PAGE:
Happy Birthday Willie Nelson / One Cup Of Java Challenge
KXCI Community Radio is located in Tucson, Arizona - 91.3 FM on the radio dial.
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KXCI will be offering tape-delayed coverage of the Plaza Stage at the Tucson Kitchen Musician Association's Tucson Folk Festival, Saturday and Sunday May 5 & 6.
The multi-stage free festival features headlining performances by Trout Fishing in America and Sisters Morales.
KXCI encourages you to come on down to the folk festival in and around El Presidio Park, downtown Tucson. When you do, be sure to stop by the KXCI booth, just south of the Plaza Stage. You can learn more about the festival, see a schedule of performers and download an event map at TKMA's website: www.tkma.org.
If you can't make the festival, or can't make all of it, tune in to 91.3FM (and webstreaming free at KXCI.org) for our tape-delayed broadcast. Coverage will begin approximately 1pm Saturday and noon on Sunday.
Hailing from the indie scene of Montreal, Apostle Of Hustle stop by KXCI's Studio 2A for a performance on The Homestretch. Touring behind their new release National Anthem Of Nowhere on Arts & Crafts, the band will be opening for Andrew Bird in a KXCI sponsored show at The Rialto Theatre, Friday April 27th. Guitarist Andrew Whiteman from Brocken Social Scene heads up Apostle of Hustle, a band that grew out of his visits to Cuba and has taken on a life of it's own- creative and eclectic indie rock.
"Andrew Whiteman created the atmospheric post-rock/experimental sound of Apostle of Hustle in 2001. Whiteman returned to his native Toronto to resume writing and recording with Broken Social Scene after a two-month stay with his godmother's family in Cuba. He learned to play the tres, a Cuban guitar, during that time. But in the midst of making the Juno Award-winning You Forgot It in People album, Whiteman couldn't escape the Spanish musical flavors of his time spent in El Barrio Santo Suarez. In order to make his fascination come to life, two of his fellow bandmates, Julian Brown and Dean Stone, joined Whiteman for what would become the cinematic, Latin-tinged portrait of Apostle of Hustle. Folkloric Feel was released on Arts & Crafts in late summer 2004. Unlike for their debut, which was put together during breaks from BSS touring, the band was able to spend more time on their follow-up, enlisting the help of percussionist Daniel Stone as well as Stars members Evan Cranley and Chris Seligman, among others. The album, National Anthem of Nowhere, came out in the first part of 2007." (All Music)
This Thursday evening KXCI presents Willard Grant Conspiracy. Touring behind their sixth studio release, “Let It Roll”, Willard Grant Conspiracy is a large musical collective that fuses alt-country with Nick Cave style rock n’ roll. Loveland opens the show at 9:30. Tune in to The Homestretch today for a Live@5 performance from Willard Grant Conspiracy.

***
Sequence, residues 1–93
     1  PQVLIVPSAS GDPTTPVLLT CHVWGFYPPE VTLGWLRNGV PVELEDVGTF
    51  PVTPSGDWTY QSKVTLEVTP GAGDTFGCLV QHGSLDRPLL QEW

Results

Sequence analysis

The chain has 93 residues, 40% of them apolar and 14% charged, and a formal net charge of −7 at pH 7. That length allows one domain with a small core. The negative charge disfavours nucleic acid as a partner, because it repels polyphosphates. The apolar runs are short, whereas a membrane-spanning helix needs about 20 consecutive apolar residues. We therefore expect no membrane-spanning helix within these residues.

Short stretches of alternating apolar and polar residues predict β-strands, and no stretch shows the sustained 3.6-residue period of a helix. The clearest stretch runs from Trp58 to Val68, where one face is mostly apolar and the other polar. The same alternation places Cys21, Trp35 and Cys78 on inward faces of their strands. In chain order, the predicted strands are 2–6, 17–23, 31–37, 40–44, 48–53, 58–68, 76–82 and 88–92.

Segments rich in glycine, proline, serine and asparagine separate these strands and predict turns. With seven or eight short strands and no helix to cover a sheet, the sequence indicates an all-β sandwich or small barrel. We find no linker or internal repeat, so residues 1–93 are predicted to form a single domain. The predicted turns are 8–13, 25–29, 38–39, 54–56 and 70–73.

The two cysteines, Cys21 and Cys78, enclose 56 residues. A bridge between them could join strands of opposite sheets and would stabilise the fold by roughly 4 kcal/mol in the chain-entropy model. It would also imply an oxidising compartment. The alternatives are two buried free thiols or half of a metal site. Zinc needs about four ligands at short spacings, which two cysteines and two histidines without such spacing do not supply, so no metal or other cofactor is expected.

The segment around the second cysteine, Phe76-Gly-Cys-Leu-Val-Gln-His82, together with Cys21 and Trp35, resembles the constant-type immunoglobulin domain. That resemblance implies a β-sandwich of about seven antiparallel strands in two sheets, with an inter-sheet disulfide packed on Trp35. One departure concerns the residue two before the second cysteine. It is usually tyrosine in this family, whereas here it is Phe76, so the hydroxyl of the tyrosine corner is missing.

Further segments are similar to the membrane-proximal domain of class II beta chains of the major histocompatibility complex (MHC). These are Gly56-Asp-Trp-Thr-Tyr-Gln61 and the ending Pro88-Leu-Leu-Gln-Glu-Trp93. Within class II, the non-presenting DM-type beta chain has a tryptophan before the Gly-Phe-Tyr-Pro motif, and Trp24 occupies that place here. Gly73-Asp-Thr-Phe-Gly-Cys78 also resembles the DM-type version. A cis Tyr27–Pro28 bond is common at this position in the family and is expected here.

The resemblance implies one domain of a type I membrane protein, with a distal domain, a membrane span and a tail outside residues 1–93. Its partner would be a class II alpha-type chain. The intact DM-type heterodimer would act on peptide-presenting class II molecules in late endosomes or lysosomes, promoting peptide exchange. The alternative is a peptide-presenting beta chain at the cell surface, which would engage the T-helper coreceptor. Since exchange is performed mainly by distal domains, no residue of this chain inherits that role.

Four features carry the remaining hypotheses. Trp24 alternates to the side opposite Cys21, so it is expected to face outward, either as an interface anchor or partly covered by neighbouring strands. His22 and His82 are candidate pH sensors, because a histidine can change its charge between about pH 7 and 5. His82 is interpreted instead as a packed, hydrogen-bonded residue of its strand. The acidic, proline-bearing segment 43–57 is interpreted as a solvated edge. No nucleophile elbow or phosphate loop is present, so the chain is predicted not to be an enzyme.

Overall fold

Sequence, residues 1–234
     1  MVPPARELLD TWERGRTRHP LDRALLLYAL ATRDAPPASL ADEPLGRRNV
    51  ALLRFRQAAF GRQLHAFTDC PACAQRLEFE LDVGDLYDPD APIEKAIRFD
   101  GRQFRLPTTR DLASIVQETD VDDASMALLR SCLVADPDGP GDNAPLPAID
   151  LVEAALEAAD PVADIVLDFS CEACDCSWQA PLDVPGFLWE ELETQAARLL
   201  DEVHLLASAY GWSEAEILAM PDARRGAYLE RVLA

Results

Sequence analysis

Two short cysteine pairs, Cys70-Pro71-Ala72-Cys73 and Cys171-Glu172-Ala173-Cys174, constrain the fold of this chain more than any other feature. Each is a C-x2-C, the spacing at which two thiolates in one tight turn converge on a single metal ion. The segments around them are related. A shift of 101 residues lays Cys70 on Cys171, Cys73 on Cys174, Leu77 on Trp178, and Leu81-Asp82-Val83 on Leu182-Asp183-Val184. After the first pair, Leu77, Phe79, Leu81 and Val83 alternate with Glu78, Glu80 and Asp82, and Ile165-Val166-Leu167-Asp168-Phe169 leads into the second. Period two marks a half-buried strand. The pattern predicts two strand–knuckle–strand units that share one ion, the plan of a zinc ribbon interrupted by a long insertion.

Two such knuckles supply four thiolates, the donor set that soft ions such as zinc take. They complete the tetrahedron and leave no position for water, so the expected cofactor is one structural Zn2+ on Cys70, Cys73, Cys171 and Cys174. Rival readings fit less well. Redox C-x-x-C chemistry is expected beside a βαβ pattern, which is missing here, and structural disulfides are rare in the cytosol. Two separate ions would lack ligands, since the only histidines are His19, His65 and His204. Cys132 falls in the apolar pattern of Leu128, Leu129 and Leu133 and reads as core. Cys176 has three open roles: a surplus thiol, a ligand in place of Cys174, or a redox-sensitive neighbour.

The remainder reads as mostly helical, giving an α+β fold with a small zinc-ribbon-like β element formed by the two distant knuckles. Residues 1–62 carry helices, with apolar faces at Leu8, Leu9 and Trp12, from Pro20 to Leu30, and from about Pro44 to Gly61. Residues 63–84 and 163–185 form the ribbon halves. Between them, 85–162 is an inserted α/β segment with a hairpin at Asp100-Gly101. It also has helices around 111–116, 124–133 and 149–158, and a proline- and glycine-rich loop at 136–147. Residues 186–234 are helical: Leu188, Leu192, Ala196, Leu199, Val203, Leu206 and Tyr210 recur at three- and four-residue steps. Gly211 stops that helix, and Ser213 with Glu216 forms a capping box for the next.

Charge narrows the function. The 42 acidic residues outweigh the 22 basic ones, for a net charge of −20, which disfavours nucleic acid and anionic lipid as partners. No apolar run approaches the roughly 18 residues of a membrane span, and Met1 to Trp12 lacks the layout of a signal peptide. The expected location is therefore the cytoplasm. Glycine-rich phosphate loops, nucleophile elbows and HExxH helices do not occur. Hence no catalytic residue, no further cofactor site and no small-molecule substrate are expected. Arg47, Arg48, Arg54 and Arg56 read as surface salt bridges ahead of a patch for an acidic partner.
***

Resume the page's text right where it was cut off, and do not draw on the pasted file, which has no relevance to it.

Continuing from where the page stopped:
"The Willard Grant Conspiracy really do 'let it roll' on their sixth full-length studio effort, loosening up their well-established, stately, gothic Americana sound... Fisher and his cohorts succeed impressively in balancing the darkness and light, melancholy and hope, noise and quiet, and create something quite grand." 4 stars - All Music Guide
"Let It Roll provides another magnificent showcase for the (Willard Grant Conspiracy's) expansive gothic sweep, a beautiful but fearful melange capable of sending shivers down the spine." - Amplifier
The Willard Grant Conspiracy have "tapped into the finest folk gothic traditions of death, suffering, misery and hardship and fashioned a paradoxically uplifting, transformative record of extraordinary power." 5 stars - Uncut
Summer is fast approaching, which means it’s time for KXCI’s Summer Kid’s deejay classes, where students learn the technical skills needed to produce a radio show.
Classes run Monday through Thursday with each student presenting a live radio show on the Sunday following the classes. Kids ages 9-12 are invited to class the second week in July. This class runs July 9-12 with the live broadcast on Sunday, July 15th.
The class for teens age 13-18 is July 23-26 with the live broadcast on Sunday, July 29th.
The cost of the class is $125 for KXCI member families and $150 for the general public. Space is limited, so don’t delay - call 623-1000, ext. 12 today to register your child.
Today’s One Cup question: Name the musician celebrating his 64th birthday today. A New Jersey native and child actor who starred on Broadway, he was an original member of the band Spooky Tooth. He played on George Harrison’s album All Things Must Pass, and joined George on travels to India. This birthday boy is credited with the first commercially successful album featuring primarily synthesizer music; that album and its title track, Dream Weaver, remain his most successful music to date. Your One Cup challenge this morning – to name this dream weaving birthday boy, whose most recent albums have featured world music.
Today's One Cup answer: Gary Wright